The OLAP systems and methods of the invention using dimension attributes and multiple hierarchies per dimension are operational with numerous other general purpose or special purpose computing system environments or configurations. Examples of well known computing systems, environments, and/or configurations that may be suitable for use with the method and system for accessing data in a relational database include, but are not limited to, personal computers, server computers, hand-held or laptop devices, multiprocessor systems, microprocessor-based systems, set top boxes, programmable consumer electronics, network PCs, minicomputers, mainframe computers, distributed computing environments that include any of the above systems or devices, and the like.
The OLAP systems and methods using dimension attributes and multiple hierarchies per dimension may be described in the general context of computer-executable instructions, such as program modules, being executed by a computer. Generally, program modules include routines, programs, objects, components, data structures, etc. that perform particular tasks or implement particular abstract data types. The OLAP systems and methods using dimension attributes and multiple hierarchies per dimension may also be practiced in distributed computing environments where tasks are performed by remote processing devices that are linked through a communications network or other data transmission medium. In a distributed computing environment, program modules and other data may be located in both local and remote computer storage media including memory storage devices.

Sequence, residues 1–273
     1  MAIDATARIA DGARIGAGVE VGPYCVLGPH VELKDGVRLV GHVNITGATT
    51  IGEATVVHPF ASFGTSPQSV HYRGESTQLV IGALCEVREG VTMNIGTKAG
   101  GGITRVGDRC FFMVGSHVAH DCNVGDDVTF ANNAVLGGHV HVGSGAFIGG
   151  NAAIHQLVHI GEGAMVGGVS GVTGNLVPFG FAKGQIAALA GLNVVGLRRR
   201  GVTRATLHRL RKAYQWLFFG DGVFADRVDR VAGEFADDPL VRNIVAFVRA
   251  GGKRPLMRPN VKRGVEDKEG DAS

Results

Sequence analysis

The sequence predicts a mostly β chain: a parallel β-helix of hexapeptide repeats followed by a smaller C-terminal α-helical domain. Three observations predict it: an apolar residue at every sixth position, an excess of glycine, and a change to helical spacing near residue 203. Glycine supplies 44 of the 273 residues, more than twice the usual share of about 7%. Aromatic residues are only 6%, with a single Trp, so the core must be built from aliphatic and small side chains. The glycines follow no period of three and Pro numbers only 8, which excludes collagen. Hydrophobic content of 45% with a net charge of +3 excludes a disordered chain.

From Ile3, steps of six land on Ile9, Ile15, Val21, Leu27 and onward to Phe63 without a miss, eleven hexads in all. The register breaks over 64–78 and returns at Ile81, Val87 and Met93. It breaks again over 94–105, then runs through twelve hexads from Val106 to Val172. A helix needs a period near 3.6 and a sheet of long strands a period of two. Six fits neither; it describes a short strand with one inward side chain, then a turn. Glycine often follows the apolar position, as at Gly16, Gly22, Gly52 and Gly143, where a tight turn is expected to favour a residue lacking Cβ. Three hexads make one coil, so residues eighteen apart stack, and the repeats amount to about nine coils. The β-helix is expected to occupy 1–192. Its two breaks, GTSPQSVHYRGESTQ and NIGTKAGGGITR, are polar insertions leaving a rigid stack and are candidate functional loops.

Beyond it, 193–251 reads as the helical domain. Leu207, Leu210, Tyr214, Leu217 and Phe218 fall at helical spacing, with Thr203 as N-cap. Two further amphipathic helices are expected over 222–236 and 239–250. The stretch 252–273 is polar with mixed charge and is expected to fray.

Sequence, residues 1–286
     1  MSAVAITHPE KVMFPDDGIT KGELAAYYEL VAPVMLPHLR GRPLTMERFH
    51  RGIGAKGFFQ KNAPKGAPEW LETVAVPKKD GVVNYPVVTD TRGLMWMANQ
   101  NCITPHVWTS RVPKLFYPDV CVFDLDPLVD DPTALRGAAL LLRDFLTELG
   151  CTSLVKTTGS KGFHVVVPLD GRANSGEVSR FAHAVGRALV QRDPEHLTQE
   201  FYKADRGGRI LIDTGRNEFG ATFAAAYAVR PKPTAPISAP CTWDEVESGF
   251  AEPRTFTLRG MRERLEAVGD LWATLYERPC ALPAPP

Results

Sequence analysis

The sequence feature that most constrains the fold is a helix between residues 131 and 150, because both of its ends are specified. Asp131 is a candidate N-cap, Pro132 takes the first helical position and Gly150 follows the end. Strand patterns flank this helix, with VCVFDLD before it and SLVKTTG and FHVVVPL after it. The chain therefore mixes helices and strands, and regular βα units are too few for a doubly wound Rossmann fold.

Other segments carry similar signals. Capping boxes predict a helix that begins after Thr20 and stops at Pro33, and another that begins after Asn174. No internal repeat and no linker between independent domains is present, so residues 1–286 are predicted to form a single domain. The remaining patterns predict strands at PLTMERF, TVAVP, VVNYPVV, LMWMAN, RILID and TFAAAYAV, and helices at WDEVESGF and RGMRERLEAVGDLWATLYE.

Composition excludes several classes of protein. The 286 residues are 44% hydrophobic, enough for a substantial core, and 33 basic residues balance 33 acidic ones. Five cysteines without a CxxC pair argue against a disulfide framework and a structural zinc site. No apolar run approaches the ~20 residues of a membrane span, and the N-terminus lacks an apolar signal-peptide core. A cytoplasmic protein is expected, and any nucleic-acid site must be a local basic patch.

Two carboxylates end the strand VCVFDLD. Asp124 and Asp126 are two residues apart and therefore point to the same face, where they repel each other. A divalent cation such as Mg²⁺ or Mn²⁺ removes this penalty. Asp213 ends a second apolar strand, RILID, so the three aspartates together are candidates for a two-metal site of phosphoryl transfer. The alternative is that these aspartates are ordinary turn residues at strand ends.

With reference to
The computer 110 typically includes a variety of computer readable media. Computer readable media can be any available media that can be accessed by computer 110 and includes both volatile and non-volatile media, removable and non-removable media. By way of example, and not limitation, computer readable media may comprise computer storage media and communication media. Computer storage media includes volatile and non-volatile, removable and non-removable media implemented in any method or technology for storage of information such as computer readable instructions, data structures, program modules or other data. Computer storage media includes, but is not limited to, RAM, ROM, EEPROM, flash memory or other memory technology, CD-ROM, digital versatile disks (DVD) or other optical disk storage, magnetic cassettes, magnetic tape, magnetic disk storage or other magnetic storage devices, or any other medium which can be used to store the desired information and which can accessed by computer 110. Communication media typically embodies computer readable instructions, data structures, program modules or other data in a modulated data signal such as a carrier wave or other transport mechanism and includes any information delivery media. The term “modulated data signal” means a signal that has one or more of its characteristics set or changed in such a manner as to encode information in the signal. By way of example, and not limitation, communication media includes wired media such as a wired network or direct-wired connection, and wireless media such as acoustic, RF, infrared and other wireless media. It is to be understood that combinations of any of the media are also included within the scope of computer readable media.
The system memory 130 includes computer storage media in the form of volatile and/or non-volatile memory such as ROM 131 and RAM 132. A basic input/output system 133 (BIOS), containing the basic routines that help to transfer information between elements within computer 110, such as during start-up, are typically stored in ROM 131. RAM 132 typically contains data and/or program modules that are immediately accessible to and/or presently being operated on by processing unit 120. By way of example, and not limitation,
The computer 110 may also include other removable/non-removable, volatile/non-volatile computer storage media. By way of example only,
The drives and their associated computer storage media, discussed above and illustrated in
The computer 110 may operate in a networked environment using logical connections to one or more remote computers, such as a remote computer 180. The remote computer 180 may be a personal computer, a server, a router, a network PC, a peer device or other common network node, and typically includes many or all of the elements described above relative to the computer 110, although only a memory storage device 181 has been illustrated in